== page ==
# Attaching a click handler in a cross-browser way

I have been attempting to have a method call, with a parameter, inside of a ternary operator to simplify some code.

Code:

 if (window.addEventListener) {
doMassClick( btnArray[index], nameArray[index]);
});
} else {
btnArray[index].attachEvent('onclick', function() {
doMassClick( btnArray[index], nameArray[index]);
});
}


I was able to simplify this down to:

btnArray[index][ window.addEventListener ? 'addEventListener' : 'attachEvent'](window.addEventListener ? 'click' : 'onclick', function() {
doMassClick( btnArray[index], nameArray[index]);
});


I'd love to know how this can be simplified/cleaned up more..

• I am creating this because it needs to be compatible with IE8... I am using basic JS here, no libraries/dependencies. – sarcastasaur Apr 6 '18 at 20:11
• I'm struggling to understand why it would need to be compatible such ancient IE version. Why not make it also compatible with IE6 and Netscape ? – Isac Apr 6 '18 at 20:23
• because IE6 is too old, get with the program... – sarcastasaur Apr 6 '18 at 20:28
• @Isac I have to support IE 8 because some of our very large corporate clients use it. Some still use IE 6, but we pushed back on having to support that, thank goodness (the TPMs did--not management). – user34073 Apr 6 '18 at 20:41
• I wouldn't call this a simplification. It's like 10 times more difficult to read then before. – t3chb0t Apr 6 '18 at 21:05

The common thing in your code is the listener.

function massClickListener() {
doMassClick( btnArray[index], nameArray[index]);
}


Then it is easier to use the ternary:

btnArray[index][ window.addEventListener ? 'addEventListener' : 'attachEvent'](window.addEventListener ? 'click' : 'onclick', massClickListener);


Personally however, I think this is better:

if (window.addEventListener) {
} else {
btnArray[index].attachEvent('onclick', massClickListener);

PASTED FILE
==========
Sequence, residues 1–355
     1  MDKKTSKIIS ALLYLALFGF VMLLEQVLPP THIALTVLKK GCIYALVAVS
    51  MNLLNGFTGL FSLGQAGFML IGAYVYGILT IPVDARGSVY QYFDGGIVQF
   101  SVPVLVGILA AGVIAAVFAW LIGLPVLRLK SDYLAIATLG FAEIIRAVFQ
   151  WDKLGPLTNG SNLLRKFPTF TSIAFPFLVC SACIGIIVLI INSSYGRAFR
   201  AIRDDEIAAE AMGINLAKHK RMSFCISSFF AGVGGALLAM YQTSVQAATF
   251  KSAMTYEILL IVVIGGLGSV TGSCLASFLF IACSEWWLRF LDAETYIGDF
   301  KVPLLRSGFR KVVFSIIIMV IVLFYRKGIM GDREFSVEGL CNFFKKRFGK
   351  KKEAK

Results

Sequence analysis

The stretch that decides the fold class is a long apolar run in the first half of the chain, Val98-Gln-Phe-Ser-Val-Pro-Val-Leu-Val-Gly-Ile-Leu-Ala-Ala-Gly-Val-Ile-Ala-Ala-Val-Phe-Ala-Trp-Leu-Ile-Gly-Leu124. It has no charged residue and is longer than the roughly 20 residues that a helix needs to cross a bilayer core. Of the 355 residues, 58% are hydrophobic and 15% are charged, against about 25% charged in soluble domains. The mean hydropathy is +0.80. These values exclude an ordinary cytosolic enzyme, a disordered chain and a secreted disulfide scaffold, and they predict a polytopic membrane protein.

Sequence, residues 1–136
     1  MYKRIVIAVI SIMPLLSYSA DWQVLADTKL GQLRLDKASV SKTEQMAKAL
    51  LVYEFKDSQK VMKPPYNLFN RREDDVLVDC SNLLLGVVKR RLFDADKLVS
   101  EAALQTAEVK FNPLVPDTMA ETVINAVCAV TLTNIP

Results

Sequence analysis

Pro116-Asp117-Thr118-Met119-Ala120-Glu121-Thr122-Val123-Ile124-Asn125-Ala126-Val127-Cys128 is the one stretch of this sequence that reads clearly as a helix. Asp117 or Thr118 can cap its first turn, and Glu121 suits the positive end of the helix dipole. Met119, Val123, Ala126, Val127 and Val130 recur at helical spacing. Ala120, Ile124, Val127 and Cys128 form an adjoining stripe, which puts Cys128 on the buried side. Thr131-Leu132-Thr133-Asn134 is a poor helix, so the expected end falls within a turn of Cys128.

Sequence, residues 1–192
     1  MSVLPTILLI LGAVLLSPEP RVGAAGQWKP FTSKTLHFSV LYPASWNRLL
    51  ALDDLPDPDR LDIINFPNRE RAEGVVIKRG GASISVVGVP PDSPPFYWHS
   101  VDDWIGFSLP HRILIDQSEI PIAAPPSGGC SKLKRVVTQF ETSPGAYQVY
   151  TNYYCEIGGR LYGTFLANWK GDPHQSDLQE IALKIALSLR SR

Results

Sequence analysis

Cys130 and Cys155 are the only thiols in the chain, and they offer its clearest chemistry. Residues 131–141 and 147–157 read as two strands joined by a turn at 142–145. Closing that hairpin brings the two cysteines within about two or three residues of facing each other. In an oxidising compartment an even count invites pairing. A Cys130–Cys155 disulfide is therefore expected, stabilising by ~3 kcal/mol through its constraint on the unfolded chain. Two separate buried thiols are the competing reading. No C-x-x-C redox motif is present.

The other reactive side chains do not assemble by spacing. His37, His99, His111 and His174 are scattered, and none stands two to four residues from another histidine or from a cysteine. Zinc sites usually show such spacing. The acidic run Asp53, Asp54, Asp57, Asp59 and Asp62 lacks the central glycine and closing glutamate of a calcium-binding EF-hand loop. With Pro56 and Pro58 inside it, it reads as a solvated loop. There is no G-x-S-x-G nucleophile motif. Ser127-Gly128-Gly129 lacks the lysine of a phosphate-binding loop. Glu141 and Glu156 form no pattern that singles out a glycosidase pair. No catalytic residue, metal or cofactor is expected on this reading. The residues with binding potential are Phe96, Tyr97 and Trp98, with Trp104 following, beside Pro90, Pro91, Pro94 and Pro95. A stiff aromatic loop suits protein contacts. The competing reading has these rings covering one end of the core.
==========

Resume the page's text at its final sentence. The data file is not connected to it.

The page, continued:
}


Using the conditional operator to choose different methods is not very readable.

Another option might be to use a framework that does these kinds of things for you.

• Good suggestion, I'd also like to see something like this wrapped into a function for easy re-usability, though #NamingThings ... ie8FriendlyAddEventListener maybe? – Phrancis Apr 6 '18 at 23:32

## Some points

• window is the default object. You never need to reference it unless you are using bracket notation, or the current scope has an name that has replaced the window.name. Thus if (window.addEventListener) { is identical to if (addEventListener) {

• addEventListener and attachEvent are both properties of the EventTarget.prototype and should be used to determine which is being used rather than the global object window

• You only do the test for which function to use once at startup. When ever you find yourself doing the same thing over and over then it is a sure sugn there is a simpler way.

## Simpler solution.

This solution assumes you are not using any libraries that manage listeners (but then you would not need it).

To solve the problem execute the following at the start of your code.

if (!EventTarget.prototype.addEventListener) {
this.attachEvent("on" + eventName, callback);
}
}


Now you can add a listener using addEventListener for any target in IE < 9

btnArray[index].addEventListener("click", massClickListener);


You may wish to do the same with detachEvent .

if (!EventTarget.prototype.addEventListener) {